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When is an Employee’s Resignation Freely Given?

When is an Employee’s Resignation Freely Given?

When is an Employee’s Resignation Freely Given?

The Fair Work Commission has found that a carpenter who alleged he was forced to resign for his own safety after a company director threatened to “take” his liver did so of his own volition.

In Bupa Aged Care Australia Pty Ltd v Tavassoli a Full Bench of the Commission considered the law on resignation and stated that, in considering whether a resignation is ‘forced’ for the purposes of unfair dismissal law, the test is:
‘whether the employer engaged in the conduct with the intention of bringing the employment to an end or whether termination of the employment was the probable result of the employer’s conduct such that the employee had no effective or real choice but to resign.’

The Commission reached this conclusion after hearing evidence from the carpenter that the director (who worked as the company’s production manager and was of a non-English speaking background) confronted him on a Friday morning and allegedly said, quietly and close to his face, “I know what you f—ing said in the lunchroom, next time I take your liver,” while pointing to his abdomen.

The carpenter called the company’s office manager and asked that the company take immediate disciplinary action against the director. The office manager told the carpenter that the incident would first have to be investigated, calling him back shortly afterwards to confirm that an internal process had been started and suggesting he go home for the day.

During the conversation, the carpenter informed the office manager that he intended to resign. Within the day the company had determined that although the director’s actions did not represent an actual threat to the carpenter’s safety, his inappropriate behaviour warranted a one-week suspension without pay.

The carpenter did not attend work and sent a message to the office manager to say that he was resigning with two weeks’ notice, “as I believe (the company) is not providing me with a safe place of work”.

The next day the office manager replied to say there was no need to work his notice period, that he would be paid out in full, and that “the incident involving [the director] has been taken very seriously and he is currently suspended until further notice”.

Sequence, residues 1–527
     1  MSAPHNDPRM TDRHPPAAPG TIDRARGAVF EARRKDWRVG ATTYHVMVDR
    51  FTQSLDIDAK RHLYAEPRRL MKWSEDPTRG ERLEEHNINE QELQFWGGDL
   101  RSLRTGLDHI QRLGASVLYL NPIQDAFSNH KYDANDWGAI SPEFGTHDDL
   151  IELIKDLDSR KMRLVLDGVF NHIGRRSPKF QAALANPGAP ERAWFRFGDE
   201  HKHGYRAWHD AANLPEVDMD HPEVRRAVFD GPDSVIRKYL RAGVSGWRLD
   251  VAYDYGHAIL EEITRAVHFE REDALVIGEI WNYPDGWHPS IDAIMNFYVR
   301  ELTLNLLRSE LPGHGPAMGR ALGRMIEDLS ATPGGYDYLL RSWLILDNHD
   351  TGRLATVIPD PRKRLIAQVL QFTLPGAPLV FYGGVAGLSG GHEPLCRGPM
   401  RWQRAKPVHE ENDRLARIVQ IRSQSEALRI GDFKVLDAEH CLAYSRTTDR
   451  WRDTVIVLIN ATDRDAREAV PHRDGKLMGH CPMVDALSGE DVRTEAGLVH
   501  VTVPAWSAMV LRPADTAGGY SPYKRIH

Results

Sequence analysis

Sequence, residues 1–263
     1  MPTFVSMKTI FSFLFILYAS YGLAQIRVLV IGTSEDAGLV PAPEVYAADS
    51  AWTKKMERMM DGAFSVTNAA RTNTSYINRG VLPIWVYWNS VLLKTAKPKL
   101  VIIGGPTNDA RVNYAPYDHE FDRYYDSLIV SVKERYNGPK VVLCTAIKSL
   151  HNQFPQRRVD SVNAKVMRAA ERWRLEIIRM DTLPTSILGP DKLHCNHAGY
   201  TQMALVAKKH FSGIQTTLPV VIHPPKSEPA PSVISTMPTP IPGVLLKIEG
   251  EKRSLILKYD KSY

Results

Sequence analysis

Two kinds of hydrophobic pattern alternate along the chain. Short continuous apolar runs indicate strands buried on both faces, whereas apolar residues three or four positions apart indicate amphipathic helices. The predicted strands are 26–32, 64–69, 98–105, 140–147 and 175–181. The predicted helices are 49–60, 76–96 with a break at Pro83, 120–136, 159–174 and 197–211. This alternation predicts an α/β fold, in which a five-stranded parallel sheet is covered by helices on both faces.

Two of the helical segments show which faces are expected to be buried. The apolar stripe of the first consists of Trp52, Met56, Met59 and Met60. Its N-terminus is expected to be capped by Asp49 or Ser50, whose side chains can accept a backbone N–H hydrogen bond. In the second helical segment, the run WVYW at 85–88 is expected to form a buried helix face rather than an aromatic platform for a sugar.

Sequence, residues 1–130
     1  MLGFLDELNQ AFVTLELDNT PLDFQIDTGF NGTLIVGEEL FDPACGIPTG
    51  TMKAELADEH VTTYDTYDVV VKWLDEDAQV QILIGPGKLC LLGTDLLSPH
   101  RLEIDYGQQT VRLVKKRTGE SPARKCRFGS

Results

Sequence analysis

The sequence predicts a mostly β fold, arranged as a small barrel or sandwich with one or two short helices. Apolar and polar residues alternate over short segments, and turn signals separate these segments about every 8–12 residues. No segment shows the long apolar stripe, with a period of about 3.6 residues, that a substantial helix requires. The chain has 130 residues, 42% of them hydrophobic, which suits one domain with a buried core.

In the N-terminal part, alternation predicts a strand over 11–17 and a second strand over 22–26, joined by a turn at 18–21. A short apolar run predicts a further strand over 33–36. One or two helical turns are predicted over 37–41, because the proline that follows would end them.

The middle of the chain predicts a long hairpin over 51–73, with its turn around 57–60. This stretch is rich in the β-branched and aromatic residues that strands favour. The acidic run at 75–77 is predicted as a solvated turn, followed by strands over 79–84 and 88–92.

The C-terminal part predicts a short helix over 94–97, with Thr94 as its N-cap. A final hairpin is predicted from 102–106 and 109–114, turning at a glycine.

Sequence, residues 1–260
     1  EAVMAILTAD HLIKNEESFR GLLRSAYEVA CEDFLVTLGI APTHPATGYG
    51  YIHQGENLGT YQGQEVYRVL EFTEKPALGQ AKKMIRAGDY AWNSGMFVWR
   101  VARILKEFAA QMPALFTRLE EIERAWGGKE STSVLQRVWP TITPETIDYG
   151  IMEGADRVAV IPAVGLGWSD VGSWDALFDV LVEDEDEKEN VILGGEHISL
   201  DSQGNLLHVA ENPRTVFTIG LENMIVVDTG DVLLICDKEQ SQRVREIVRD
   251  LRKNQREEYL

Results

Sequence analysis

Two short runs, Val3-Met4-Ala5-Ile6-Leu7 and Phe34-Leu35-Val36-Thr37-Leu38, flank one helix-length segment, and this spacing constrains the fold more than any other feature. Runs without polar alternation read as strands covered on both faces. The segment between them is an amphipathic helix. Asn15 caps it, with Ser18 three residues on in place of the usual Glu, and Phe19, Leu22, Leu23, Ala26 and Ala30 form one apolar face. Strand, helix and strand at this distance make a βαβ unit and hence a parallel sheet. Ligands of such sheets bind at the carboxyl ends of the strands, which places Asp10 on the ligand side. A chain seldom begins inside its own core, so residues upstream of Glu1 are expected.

The carpenter told the Commission he had no choice but to resign because he feared for his life and the safety of his family, as the director had access to his home address, and the company did not respond appropriately. The company submitted that neither its, nor the director’s conduct, forced the carpenter’s resignation, and that he chose to resign.

The director also contested the carpenter’s version of the exchange, but the Commission held that while accepting the carpenter was “very upset” by the director’s words and the company was right to discipline him, the Commission said it was equally clear the director was genuinely surprised by the carpenter’s reaction to a statement that would not be considered particularly offensive in the Russian language.

Viewed objectively, the Commission said:
I do not consider that…. the circumstances of the exchange… would cause a reasonable person to apprehend a real threat to their life or safety”…the words spoken were akin to a throw-away line, such as ‘I’ll knock your head off’…I appreciate that [the director’s] reference to [the carpenter’s] liver is unusual in the ear of a native English speaking person, and carries perhaps a somewhat sinister tone. But I do not accept that it could reasonably be thought that [the director] was going to harm [the carpenter], let alone [his] family…Further, even if I had preferred [the carpenter’s] account of the words used by [the director], I would have found that the expression ‘I will take your liver’ or words to that effect could not reasonably be taken literally in the circumstances… It would plainly have been a metaphorical statement, conveying a negative or angry sentiment, not a literal statement reflecting an actual intention.

Considering whether the carpenter was forced to resign, the Commission said it was “difficult to accept” he genuinely believed his life or safety were at risk, and there was no rational basis if he did.”Resignation was not the probable result of the company’s conduct or that of [the director] .”

As to the carpenter’s contention that the company did not take his complaint seriously, the Commission said that, rather, it was clear that it did.

Whatever misgivings [the carpenter] might have had about how seriously the company would take his complaint, they were plainly unfounded… The company took immediate action to investigate his complaint and took quick and appropriate disciplinary action against [the director]… Less than two full working days elapsed between [the carpenter’s] exchange with [the director] and the email containing his resignation… It was, on any view, a hasty resignation.

Taking all of these circumstances into account, the Commission concluded that the carpenter’s resignation was of his own volition.


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